Kattan Dadiah

Quikskoop™: Warung Katan Badadiah Buk Nur

Kattan Badadiah Buk Nur - Buk Nur preparing

Earlier this year I was asked to correspond about the history of yogurt by Trans7 and stumbled myself during my research with dadiah, a particular delicacy came originally from Western Sumatra. I was indeed mystified as the whole thing was pretty much different with the usual kind of yogurt and been hoping to taste one since.

 Then came the fateful day when it’s time for me to really taste the real one during my travel for the first time with Rendang Journey 2012 to Minang!

It has become the answer to my prayer that I really wanted to taste the real Minangnese cuisine cooked by the locals back in their territory and not just that, Rendang Journey even indulged me to taste this particular delicacy around the regency of Lintau, far east from the city of Padang. By the way, Rendang Journey itself is a thesis project done by the graduate students of STP Trisakti and one of the events was to visit Sawahlunto and Lintau in Western Sumatra.

Lintau itself offers a vast array of richness, starting from the wonderful landscape, tourism potentials, a very fertile land, and of course, great food! One afternoon, we stopped by at Katan Badadiah Buk Nur, a small restaurant that specializes in serving dadiah. While some serve dadiah with ampiang (rice krispies), Buk Nur serves it with katan (glutinous rice) which is easier to chew rather than the former. Dadiah itself is made from water buffalo milk and fermented inside a bamboo, which contains the right bacteria for the yogurt transformation. Personally I found dadiah tastes pretty much the same but does not possess the smoothness of the usual yogurt, making it unique and rustic.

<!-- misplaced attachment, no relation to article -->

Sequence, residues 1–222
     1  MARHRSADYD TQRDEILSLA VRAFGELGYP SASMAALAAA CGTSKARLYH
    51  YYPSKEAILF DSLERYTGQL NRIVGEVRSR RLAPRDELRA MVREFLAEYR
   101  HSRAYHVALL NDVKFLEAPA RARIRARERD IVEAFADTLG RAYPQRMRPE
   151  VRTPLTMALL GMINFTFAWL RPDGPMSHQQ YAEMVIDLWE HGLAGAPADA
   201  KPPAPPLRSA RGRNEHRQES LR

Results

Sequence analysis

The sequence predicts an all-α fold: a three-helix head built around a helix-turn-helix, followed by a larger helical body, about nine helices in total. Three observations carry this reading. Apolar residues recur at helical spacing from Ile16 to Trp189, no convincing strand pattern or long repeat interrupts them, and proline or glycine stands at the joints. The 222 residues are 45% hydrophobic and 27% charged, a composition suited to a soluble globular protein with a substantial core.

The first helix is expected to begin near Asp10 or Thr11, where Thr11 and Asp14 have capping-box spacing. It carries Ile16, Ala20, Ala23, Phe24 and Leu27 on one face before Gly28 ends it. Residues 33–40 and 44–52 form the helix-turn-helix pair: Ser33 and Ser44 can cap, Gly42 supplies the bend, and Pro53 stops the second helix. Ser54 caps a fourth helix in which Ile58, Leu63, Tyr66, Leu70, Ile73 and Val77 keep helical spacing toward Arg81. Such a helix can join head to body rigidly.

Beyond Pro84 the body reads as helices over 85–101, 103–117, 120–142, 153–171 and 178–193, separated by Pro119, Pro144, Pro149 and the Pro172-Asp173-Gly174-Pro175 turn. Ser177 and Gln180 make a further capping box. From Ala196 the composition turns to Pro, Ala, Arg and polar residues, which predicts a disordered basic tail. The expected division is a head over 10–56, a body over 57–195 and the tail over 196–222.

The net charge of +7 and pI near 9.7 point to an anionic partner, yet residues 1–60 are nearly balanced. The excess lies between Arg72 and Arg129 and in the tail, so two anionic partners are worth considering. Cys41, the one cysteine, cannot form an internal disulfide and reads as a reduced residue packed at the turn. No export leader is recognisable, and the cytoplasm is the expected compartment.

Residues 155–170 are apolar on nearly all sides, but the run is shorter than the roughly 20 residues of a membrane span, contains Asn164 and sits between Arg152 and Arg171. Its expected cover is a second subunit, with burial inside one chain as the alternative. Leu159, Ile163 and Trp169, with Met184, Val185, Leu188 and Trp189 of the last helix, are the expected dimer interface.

Kattan Dadiah
Katan Dadiah

The way they serve it is another interesting thing. First of all, Buk Nur put the glutinous rice on a plate then she showered it with grated coconut, dadiah, and finally the right amount of liquid palm sugar. Even though we just finished a huge lunch treat of randang baliut (eel rendang) back at a rumah gadang (Minang traditional house) owned by a very friendly local, we just couldn’t help to also finish this ‘dessert’!

It was a magnificent treat with inexplicably complex texture came from the glutinous rice, coconut, and dadiah plus it also has several layers of taste from sour to sweet. I was just hoping that they could try to serve the dadiah cool or to add an ice cream, it would be even lovelier and beats the hell out of any dessert I’ve tasted before!

An example of dadiah served with ampiang (bottom right)
An example of dadiah served with ampiang (bottom right)

During my travel, I also found that some people also mix small cuts of shallots into the dadiah which even makes it richer in taste. The distinct sourness of the yogurt and the particular taste of shallots collide, making it something you’ve never tasted before in your entire life!

Oh how I miss Lintau already. The people, the food, the hospitality, the beauty and many whimsical things I found there. Hopefully one day I could return back there again and I will, as the ex-regent of Lintau said to me there, ‘Once you drink the water of Lintau, you’ll be back again someday’.

Dadiah
Dadiah

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Must eat: Katan badadiah

Price: IDR 10,000 

Address: Lintau Buo district, Lintau Regency (downhill from Bukit Pato), West Sumatra – Indonesia

Phone : +62.752.777.038 / +62.812.6789.1798

Opening hours: TBA

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